Crossbills’ beaks are a perfect tool

January is the beginning of a new year once again on Mount Desert Island. The weather is harsh and we expect to see snow at any time blanketing the ground making the island a winter wonderland.

Snowshoe hares have an easy time blending in when snow covers our landscape. Rodents traveling under the snow have protection from predators hunting from above them. The hunted may breathe a little easier but always have to be on guard. All have to find food to survive from the cold and snow.

The interaction between animals and plants and snow is complex. Animals need more food when the weather is harsh and it is harder to find food.

When the weather gets cold the surface of a partridge’s feet are doubled by comb-like projections which grow on either side of the bird’s toes, making built-in snow shoes. Watch for the telltale signs of the tracks these birds make with their special winter feet in the spruce woods.

Otters seem to have fun with ice and snow on slippery inclines, enjoying a bit of winter fun “otter style.” Pine siskins are interesting little birds to see every month of the year. Siskins are small, dark, heavily streaked finches with a little bit of yellow on the wings and tail, and they have a very pointed bill. They are a little bit larger than the common house sparrow.

Siskins are very active little birds in the winter and they find their way about in the company of goldfinches at a feeder where millet seeds and cracked butternuts are favorite foods. Listen for their call, which has been described as sounding like steam escaping from a radiator.

A friend told this week of a nice sighting she had of crows chasing a snowy owl along the beach. Snowy owls are daytime fliers. Since their home territory is above the tree line far to the north they are more comfortable sitting on rocks or a piece of sand or driftwood rather than a tree or rooftop.

My first sighting of a snowy owl was right on the beach. Sitting there it looked at first like an old newspaper flapping in the wind. Once in awhile one will sit in a tree or on a post. They are very beautiful birds to see and as they fly they make me think of a giant feathered moth silently passing by.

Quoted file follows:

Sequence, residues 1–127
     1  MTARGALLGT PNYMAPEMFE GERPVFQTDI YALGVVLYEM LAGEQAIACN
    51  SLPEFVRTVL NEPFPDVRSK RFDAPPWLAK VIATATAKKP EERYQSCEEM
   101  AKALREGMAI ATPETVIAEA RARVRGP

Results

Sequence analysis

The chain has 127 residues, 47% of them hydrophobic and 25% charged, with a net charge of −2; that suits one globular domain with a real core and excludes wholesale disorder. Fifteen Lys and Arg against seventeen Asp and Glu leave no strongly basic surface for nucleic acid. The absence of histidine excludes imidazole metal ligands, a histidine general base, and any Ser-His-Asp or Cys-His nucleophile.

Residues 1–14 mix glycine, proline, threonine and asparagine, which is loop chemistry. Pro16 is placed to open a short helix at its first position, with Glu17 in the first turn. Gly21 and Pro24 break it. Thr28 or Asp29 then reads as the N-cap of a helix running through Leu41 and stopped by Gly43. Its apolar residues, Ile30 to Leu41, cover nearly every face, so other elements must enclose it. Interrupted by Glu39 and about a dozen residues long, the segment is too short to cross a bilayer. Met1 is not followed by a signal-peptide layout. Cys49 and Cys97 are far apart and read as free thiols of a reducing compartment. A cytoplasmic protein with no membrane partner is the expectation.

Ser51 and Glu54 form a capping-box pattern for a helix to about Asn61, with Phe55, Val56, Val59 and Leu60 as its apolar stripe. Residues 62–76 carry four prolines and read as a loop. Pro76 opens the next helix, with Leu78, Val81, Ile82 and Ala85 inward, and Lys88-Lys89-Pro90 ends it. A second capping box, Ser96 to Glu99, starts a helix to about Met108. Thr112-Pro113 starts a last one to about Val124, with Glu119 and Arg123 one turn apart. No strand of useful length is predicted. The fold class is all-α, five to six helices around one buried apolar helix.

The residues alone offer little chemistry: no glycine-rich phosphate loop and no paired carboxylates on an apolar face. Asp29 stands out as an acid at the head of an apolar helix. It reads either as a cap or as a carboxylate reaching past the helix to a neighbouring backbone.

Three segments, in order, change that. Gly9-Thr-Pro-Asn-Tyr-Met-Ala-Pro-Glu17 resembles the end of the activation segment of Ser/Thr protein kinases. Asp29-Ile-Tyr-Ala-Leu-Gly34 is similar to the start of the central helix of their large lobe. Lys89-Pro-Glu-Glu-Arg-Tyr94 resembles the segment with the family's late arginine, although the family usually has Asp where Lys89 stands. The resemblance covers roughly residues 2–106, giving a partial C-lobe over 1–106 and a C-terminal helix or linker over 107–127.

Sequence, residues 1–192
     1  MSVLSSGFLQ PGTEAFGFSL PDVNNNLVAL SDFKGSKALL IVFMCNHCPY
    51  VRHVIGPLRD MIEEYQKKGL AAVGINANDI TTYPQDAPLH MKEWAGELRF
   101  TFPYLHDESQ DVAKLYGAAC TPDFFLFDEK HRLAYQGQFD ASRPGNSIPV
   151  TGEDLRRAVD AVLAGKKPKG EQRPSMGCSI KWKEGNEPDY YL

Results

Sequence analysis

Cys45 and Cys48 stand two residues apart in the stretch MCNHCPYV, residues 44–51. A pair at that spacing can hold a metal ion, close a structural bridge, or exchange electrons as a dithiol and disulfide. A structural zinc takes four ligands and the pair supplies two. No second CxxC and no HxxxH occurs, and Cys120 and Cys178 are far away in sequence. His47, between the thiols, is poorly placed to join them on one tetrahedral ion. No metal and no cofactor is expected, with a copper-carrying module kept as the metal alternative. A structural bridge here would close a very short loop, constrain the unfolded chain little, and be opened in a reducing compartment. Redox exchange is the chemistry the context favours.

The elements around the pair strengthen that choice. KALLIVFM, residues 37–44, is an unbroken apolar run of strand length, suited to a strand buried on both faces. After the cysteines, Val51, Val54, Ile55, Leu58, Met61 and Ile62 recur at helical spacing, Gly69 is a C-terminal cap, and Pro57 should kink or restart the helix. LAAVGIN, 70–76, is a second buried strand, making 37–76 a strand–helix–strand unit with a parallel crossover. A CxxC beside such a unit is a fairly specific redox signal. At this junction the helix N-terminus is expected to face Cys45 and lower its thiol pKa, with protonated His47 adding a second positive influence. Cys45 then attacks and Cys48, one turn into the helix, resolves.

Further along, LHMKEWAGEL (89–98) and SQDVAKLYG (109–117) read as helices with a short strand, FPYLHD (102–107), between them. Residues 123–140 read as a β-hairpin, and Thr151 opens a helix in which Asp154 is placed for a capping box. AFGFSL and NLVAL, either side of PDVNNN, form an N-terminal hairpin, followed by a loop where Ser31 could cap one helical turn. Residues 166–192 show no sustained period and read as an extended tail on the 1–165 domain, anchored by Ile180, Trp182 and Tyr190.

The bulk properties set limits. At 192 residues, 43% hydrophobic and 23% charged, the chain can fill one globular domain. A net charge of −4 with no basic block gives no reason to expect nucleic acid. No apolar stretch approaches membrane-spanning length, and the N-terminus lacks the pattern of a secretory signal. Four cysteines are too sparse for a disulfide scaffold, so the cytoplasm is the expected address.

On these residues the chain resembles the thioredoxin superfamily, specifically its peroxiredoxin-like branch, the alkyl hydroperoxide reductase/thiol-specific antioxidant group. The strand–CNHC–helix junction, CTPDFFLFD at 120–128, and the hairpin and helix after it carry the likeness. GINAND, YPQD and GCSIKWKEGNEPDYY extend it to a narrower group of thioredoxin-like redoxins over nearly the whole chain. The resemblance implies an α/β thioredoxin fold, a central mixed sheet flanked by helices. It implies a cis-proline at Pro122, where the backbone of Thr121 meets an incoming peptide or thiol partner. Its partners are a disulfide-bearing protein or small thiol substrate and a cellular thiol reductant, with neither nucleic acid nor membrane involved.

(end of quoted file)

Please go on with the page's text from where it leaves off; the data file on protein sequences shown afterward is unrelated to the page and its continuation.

Crossbills are interesting birds and very beautiful. Here on MDI we can see both the red and the white-winged crossbill. They are well noted for the seemingly defective bill they have. Although the bill looks defective it is made just right for the birds and is quite amazing. The manufacturer did know what the bird needed. The bill is perfect tool for eating tiny seeds. It is shaped like a pair of scissors with the tips crossed. The bill opens the cone and the bird’s tiny tongue gets the tiny seeds out perfectly.

Crossbills are nomadic, so seeing them can’t be predicted. Their breeding takes place when the cone supply is abundant, even in the middle of the winter. Consider it a good day when you see them somewhere. Stop and watch them on the sides of the road when they look for salt.

A plump hermit thrush was seen just before Christmas. Natural food is abundant this year but as winter moves on and deals us harsh blows and deep snows this bird may rethink its situation. This lovely singer in the bird world is usually gone by the end of December.

Even at my advanced age and with a gradual hearing problem, I am so glad that I can still hear his beautiful song at twilight in my woods. This thrush is larger than a sparrow, brown backed, with a spotted breast and slender bill. Its tail is reddish and seen well as the bird flies away from you. It also has a habit of raising its tail and then slowly lowering it. Its song is flutelike, clear and very special in arrangement and presentation. Most hermit thrushes are now wintering in South America.

Send any questions, photos or observations to [email protected] or call 244-3742.

Ruth Grierson

Ruth Grierson

Send any questions or observations to [email protected] or call 244-3742.
Ruth Grierson

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